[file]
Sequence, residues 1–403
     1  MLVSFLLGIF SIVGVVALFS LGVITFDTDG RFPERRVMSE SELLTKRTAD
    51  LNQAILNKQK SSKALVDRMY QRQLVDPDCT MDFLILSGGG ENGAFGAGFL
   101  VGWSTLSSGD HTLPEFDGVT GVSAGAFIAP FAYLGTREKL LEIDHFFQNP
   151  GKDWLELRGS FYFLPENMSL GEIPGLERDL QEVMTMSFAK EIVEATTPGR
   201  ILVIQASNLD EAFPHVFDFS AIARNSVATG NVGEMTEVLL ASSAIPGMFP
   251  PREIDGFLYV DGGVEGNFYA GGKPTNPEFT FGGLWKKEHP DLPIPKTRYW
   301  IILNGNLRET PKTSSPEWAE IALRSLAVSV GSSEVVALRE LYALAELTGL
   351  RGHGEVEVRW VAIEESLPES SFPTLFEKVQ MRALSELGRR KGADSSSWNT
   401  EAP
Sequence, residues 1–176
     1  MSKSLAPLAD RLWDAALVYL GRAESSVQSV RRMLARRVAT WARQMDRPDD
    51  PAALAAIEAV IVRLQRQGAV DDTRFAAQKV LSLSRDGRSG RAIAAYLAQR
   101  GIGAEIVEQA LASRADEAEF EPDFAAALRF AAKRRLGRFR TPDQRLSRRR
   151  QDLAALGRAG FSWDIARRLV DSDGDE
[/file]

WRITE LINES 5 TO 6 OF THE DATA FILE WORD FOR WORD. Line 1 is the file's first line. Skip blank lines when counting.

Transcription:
   151  GKDWLELRGS FYFLPENMSL GEIPGLERDL QEVMTMSFAK EIVEATTPGR
   201  ILVIQASNLD EAFPHVFDFS AIARNSVATG NVGEMTEVLL ASSAIPGMFP